Located at Moritzplatz in the district of Kreuzberg, Prinzessinnengärten is as Berlin as Berlin can be. This mobile garden provides the perfect “green” escape from the concrete city in which it dwells. Once inside, you immediately feel you have stepped back in time – as nothing immediately makes sense. But once you look closely, you realize everything is simply built to sustain – the aesthetics seem to be an afterthought, if a thought at all.
Much like Berlin.
Walkway from entrance
As a former brownfield site between Prinzenstrasse and Oranienstrasse, the area of today’s garden lay fallow for over 60 years. But in 2009, the non-profit organization Nomadic Green – which was made up of local residents – transformed the space into a mobile urban vegetable garden.
Recycled water tanks
Plants grown in rice sacks
The area consists of recycled containers, bakery boxes, Tetra Packs and rice sacks – so the garden is always mobile.
Plants watered and grown in recycled Tetra Packs
People sit among the plants
The aim of all this is to convert unused city land into productive green spaces, where people can come together to create, learn and relax – all within a sustainable environment. The Berlin Senate Department for Urban Development also views the garden as a successful example of gender mainstreaming in urban development.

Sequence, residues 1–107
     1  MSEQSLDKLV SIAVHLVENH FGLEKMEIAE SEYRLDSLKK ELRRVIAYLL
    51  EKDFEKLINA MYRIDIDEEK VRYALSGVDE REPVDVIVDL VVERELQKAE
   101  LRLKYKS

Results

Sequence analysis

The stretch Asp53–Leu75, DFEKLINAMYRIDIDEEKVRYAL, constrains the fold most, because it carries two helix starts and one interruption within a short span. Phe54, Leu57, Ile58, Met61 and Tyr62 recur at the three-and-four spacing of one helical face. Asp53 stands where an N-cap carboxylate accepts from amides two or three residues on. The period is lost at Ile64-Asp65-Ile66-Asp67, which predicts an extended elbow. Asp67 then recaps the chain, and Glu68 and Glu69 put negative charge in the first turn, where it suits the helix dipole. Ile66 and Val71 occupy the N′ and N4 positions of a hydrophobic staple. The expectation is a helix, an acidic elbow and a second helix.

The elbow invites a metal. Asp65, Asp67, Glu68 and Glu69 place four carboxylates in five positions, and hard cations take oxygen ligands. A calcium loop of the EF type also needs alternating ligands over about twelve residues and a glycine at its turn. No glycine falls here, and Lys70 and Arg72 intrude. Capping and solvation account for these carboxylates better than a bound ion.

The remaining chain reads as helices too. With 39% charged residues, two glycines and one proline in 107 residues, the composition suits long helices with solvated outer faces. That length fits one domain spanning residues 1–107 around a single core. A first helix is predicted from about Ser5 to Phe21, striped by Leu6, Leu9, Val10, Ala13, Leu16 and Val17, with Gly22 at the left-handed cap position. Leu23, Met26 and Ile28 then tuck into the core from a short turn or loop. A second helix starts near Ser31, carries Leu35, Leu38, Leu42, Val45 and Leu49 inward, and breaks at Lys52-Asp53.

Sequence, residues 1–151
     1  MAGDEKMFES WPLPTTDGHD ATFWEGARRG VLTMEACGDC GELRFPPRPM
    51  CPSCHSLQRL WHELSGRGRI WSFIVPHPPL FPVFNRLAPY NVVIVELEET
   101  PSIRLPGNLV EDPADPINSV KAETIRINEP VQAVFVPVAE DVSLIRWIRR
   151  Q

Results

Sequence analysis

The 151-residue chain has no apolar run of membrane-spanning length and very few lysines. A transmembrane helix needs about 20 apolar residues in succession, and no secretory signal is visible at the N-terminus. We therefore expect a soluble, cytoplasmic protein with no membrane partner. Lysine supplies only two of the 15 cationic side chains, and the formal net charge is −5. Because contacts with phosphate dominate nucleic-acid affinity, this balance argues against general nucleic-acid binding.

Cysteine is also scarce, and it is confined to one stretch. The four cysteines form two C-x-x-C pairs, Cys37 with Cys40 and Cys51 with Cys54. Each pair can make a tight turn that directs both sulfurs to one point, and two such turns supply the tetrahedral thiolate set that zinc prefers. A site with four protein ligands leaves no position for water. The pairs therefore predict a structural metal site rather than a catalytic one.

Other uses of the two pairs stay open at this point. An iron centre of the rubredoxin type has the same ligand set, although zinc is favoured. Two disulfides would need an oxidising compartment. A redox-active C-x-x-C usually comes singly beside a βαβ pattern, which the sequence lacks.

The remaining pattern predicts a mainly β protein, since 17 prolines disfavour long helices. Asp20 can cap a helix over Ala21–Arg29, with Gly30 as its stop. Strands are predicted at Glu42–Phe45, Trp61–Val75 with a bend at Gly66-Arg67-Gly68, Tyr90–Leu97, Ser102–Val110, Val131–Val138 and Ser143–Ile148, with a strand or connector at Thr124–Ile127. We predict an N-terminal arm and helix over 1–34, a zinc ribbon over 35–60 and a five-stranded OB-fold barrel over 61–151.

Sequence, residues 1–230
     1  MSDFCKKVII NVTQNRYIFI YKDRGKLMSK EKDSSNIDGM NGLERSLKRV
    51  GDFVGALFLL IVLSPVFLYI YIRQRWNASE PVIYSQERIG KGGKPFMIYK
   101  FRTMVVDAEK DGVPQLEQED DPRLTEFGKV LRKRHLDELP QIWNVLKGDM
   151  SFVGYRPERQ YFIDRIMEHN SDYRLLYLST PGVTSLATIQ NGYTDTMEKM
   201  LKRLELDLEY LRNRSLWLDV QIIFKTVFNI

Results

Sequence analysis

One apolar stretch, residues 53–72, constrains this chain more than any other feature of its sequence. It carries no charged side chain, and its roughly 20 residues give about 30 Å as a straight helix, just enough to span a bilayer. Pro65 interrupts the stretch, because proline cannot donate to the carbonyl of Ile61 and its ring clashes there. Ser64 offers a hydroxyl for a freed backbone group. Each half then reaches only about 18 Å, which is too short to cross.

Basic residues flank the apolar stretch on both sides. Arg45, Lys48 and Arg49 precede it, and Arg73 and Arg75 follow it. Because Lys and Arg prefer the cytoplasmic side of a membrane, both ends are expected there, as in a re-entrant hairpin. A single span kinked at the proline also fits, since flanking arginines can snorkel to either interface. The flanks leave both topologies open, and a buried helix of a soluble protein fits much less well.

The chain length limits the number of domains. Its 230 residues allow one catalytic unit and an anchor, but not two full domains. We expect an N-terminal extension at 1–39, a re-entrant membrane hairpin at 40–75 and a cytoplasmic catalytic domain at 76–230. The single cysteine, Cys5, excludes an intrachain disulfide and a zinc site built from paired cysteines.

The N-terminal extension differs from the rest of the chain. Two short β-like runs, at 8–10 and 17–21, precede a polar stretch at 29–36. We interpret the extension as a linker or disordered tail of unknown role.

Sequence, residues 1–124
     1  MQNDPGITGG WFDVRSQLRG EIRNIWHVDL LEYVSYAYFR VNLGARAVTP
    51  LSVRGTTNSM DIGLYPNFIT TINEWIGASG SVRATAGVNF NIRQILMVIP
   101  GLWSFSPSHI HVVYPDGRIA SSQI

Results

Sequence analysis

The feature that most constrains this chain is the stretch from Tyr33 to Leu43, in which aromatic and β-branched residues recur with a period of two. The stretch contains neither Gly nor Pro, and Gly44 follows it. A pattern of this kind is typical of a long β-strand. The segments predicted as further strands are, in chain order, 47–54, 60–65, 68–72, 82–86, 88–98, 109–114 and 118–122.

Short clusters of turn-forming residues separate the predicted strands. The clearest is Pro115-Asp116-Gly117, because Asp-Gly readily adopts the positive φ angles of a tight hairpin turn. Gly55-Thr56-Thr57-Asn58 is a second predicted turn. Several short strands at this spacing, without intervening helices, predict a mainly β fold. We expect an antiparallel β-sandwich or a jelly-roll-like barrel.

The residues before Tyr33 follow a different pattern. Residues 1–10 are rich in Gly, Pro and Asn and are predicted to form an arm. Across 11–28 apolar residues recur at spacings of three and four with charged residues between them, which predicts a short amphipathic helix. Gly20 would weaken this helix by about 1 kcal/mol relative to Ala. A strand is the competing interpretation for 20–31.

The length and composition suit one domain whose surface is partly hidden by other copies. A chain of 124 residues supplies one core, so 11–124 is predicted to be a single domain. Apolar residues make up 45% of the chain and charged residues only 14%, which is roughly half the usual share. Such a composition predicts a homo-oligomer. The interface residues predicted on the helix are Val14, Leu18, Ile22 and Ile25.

Enjoying a beer in the garden
But the best part of the garden is that it welcomes everyone and provides the perfect atmosphere to relax, work, play, drink, eat and create.
Main seating area in the center of the garden
During my trip to Prinzessinnengärten, I stumbled upon a “Tiny House” being built by a collective of around 6 people. When asked what they were doing, I was told they wanted to show that – with a simple design – anyone can build The Nest, which is a small house from wood. You do not have to be a carpenter, you do not have to be an architect – all you need are some work clothes.
The Nest – in progress
The Project Manager, Hendrik Rauf Man, made it clear that everyone was welcome to help – even me. As of now, there are around 20 different people working on the house, who come and go as they please. They have been working on the house for about 2.5 weeks now and will most likely be finished in another two.
The project, which has been named Wieder Wild, is pushing for fully self-sufficient products, such as this house, with low cost and do-it-yourself technology – making it an independent and nature friendly home.
Hendrik Rauf Man, Project Manager, taking a break on the roof
Until next time…visit prinzessinnengarten.net and wiederwild.org to learn more!
#1month1park is Beirut Green Project’s latest blog section, where we will be featuring one park a month from across the globe. These blog posts are written by residents of cities around the world who enjoy using their parks and are eager to share their experiences with us.
The purpose of this activity is to showcase some of beautiful parks from around the globe, to get inspired by some of their unique features and solutions, and to highlight the significance and vital need for these spaces for a healthy city life.